David Midthunder and Amber Midthunder
While her CW show Roswell, New Mexico was on pandemic hiatus, Amber Midthunder used the time to go off for a month to shoot a film called The Wheel, which she also produced, about a couple who takes off on a weekend trip to figure out their marriage.
Now she's back on the Santa Fe set for the third season of Roswell, New Mexico in which she plays Rosa Ortecho.
In another noteworthy turn, Midthunder (Fort Peck Assiniboine & Sioux Reservation) worked with creator Noah Hawley in a breakout role on Legion, in which she portrayed Kerry Loudermilk during its three-season [2017-2019] run on FX.
During her burgeoning career, she's had several such prime opportunities to play memorable characters.
"Legion was a gift I am going to cherish for the rest of my life. It fulfilled me as an artist and a creative, to spend time with such a high volume of creative people," she says.
"I look at Roswell and I love Rosa. She's an addict and that's close to my heart. I feel fortunate to get to work in my hometown and spend time there, and I feel privileged to be there. And Hell or High Water [the 2016 film written by Taylor Sheridan] was a life-changing experience that will never leave me."
Midthunder is the daughter of actor David Midthunder. Her mother Angelique is a casting director. She says as a child she didn't really understand what they did for a living but she loved to play, pretend and use her imagination, not necessarily connecting it to making a career.
The way she remembers it, her dad went to work and wore funny hats. Sometimes she would visit him on the set and recalls it being very busy with a lot of machinery, a lot of yelling – and then things would get very quiet.
As she got older she developed an interest in her mother's line of work, seeing actors create variations of characters unlike who they were in real life. Yet she says neither her mom nor her dad were showbiz parents who steered her into the business.
"They never pushed it or suggested it to me. They waited for me to find out. But I feel grateful for that," Midthunder says. "I know what I do is mine but they're really good people and parents and created a wealth of knowledge."
"I consider myself fortunate. I feel like a Native Navy Seal, playing as many regular roles as possible to prove the point that Native people are in fact people. When you meet a Native person and not have it be the subject of the conversation, that's a good step. We're not one-size-fits-all. We're your doctor, your neighbor - and the girl on your TV."
Although traditional film and television Westerns, often featuring heroic cowboys and bloodthirsty Indians as typified in John Wayne movies were well before her time, she feels they propagated harmful misconceptions and stereotypes about Native peoples that have only recently begun to change.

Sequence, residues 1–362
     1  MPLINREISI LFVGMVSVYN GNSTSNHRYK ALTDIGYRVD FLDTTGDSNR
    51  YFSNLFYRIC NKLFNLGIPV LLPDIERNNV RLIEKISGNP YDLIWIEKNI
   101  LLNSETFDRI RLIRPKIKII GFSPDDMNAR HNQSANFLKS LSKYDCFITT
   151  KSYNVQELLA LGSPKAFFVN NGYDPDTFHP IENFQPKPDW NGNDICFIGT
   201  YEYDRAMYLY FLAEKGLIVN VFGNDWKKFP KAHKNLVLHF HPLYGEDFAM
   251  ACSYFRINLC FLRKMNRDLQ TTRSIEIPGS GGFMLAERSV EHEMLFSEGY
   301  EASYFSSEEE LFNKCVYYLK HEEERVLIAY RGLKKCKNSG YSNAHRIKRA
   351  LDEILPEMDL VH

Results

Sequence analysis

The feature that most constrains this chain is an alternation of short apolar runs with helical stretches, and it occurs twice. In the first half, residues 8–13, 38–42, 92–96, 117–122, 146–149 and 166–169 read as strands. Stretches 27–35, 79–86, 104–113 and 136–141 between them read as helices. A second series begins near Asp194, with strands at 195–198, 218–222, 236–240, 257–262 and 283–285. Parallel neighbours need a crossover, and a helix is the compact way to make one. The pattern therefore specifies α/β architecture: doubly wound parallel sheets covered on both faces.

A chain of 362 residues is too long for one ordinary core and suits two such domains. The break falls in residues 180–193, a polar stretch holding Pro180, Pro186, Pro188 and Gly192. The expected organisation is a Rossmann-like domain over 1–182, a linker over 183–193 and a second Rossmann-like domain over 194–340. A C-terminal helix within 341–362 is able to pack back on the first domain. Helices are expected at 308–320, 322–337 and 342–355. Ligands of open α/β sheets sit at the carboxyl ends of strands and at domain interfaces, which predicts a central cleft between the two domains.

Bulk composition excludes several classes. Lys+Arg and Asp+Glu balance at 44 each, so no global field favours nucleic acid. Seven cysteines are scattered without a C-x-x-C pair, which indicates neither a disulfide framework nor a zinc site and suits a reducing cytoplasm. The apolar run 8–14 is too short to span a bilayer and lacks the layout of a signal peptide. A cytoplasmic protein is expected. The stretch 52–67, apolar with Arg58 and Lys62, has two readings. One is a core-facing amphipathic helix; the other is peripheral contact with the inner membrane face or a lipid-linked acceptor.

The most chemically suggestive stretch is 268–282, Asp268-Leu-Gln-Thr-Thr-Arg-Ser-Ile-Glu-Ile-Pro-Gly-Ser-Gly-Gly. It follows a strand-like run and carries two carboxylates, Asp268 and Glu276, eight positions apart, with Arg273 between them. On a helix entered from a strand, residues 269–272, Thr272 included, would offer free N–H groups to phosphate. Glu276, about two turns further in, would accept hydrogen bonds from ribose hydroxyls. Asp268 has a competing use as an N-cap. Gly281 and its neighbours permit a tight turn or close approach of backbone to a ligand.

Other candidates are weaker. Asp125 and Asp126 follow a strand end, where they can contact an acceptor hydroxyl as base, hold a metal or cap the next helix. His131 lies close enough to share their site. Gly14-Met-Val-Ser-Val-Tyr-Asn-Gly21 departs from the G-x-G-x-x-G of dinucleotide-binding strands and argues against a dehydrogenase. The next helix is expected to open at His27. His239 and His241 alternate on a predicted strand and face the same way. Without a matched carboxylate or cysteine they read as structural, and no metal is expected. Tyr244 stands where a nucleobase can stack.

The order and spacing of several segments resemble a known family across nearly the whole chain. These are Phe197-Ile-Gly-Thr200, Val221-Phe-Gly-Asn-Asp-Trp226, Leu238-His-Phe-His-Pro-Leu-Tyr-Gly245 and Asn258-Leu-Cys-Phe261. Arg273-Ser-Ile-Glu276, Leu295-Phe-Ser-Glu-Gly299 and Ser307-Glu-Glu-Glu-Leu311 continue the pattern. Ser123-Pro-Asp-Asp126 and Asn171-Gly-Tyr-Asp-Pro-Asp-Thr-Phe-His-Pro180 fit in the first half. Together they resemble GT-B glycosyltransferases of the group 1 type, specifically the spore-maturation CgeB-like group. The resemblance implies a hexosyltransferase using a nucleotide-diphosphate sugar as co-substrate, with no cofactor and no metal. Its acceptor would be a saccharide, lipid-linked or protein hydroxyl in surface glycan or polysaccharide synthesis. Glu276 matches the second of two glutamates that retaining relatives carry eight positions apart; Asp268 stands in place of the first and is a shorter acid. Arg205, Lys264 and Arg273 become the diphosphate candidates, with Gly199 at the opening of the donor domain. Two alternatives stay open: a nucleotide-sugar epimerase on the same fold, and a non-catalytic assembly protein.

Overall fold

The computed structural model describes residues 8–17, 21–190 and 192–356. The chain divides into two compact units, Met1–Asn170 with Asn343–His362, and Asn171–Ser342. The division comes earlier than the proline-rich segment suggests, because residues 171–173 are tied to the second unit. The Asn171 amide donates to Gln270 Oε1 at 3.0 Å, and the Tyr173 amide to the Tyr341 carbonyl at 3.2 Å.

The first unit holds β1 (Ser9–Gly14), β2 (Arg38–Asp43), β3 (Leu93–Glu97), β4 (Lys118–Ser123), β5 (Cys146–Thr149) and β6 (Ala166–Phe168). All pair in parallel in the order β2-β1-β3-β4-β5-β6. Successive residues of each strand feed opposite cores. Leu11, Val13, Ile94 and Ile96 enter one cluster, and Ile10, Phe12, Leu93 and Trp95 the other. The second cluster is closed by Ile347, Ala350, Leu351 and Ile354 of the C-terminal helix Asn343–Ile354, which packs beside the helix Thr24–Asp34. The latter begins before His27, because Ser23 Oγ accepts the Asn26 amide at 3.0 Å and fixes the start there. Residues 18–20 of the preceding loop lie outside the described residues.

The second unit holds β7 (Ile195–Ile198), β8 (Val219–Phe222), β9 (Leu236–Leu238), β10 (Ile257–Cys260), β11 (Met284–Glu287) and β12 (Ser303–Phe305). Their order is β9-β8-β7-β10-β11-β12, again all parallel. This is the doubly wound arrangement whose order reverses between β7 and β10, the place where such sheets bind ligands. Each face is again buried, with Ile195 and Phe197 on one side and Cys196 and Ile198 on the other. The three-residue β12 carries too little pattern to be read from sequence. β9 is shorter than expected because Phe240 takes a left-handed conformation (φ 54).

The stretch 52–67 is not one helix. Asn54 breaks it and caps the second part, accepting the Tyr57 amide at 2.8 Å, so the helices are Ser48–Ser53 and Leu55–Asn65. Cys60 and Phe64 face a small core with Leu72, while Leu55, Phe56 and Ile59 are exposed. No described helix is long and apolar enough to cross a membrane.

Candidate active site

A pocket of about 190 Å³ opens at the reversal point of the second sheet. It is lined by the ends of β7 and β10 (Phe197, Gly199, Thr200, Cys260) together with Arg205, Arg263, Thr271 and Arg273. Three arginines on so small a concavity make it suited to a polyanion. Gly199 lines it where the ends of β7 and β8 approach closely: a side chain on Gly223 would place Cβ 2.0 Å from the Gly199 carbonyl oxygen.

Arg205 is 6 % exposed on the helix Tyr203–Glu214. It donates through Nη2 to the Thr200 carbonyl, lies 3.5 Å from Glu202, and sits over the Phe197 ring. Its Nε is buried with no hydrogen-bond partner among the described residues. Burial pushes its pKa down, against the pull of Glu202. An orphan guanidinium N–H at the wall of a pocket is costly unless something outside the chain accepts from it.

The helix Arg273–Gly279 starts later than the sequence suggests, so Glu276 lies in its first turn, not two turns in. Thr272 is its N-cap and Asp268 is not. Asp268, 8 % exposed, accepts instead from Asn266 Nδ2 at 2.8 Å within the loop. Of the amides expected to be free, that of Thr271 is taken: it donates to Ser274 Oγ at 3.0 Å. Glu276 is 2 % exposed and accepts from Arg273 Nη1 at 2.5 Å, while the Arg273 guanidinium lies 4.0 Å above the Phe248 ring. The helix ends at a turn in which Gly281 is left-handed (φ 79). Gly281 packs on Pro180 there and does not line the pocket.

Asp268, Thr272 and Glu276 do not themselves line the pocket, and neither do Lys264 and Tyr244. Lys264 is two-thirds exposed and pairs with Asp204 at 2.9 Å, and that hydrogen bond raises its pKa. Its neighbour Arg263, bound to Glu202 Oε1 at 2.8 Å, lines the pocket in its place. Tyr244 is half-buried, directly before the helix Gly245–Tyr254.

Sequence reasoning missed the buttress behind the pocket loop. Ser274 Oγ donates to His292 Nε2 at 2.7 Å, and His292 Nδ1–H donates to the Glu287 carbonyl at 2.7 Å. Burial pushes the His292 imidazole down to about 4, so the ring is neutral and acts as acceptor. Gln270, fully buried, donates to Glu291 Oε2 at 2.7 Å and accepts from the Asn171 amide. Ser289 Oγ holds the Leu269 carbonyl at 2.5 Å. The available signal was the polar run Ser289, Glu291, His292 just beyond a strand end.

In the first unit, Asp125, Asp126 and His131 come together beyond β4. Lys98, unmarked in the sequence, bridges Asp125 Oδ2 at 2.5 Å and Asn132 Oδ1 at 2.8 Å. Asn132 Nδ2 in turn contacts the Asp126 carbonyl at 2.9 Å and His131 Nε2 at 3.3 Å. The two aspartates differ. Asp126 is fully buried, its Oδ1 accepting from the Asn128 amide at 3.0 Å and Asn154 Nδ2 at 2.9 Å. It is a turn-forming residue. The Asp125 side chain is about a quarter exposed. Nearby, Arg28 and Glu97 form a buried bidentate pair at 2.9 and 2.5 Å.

"This generation feels like we're a lot further than we used to be. I feel like if you look at your history, we still have a lot to accomplish," Midthunder says. "I've struggled with this; we're not a very available people. Our history is not an open knowledge. Unless you're in touch with Native communities, you don't know.
"I know people working to bring the honest Native experience and tell those stories. We're not just one thing. Whatever you see, it's not just that. That's kind of the spark - being able to tell the full story. Native people have powerful stories to tell. It's about recognizing and creating those opportunities, reaching out to include them and see what they have to offer."
Having non-Native actors play Native roles has long been a controversial issue in the entertainment industry, as it is for other ethnicities.
"It's still happening, although not as bad compared to the John Wayne days, it's still there. We need more Native actors, and it goes to the conversation about resources and community and outreach and finding them.
"I think there's a difference between having respect for a culture and CLAIMING a culture. Particularly for Native people, we're such a small population with such little representation," Midthunder says.
"It's really important to have real Native people on screen, and connected to our ancestors, which is a big thing in our culture. Our great grandfather was here. You carry that with you with every job, every doctor, lawyer and superhero. There's an element that can't be replaced when it's a real Native person.
"I think about kids watching these shows who might want to do this and what does it say? To not receive the 'representation' is disorienting. It's important to have Native and to have non-specific roles be played by Natives especially."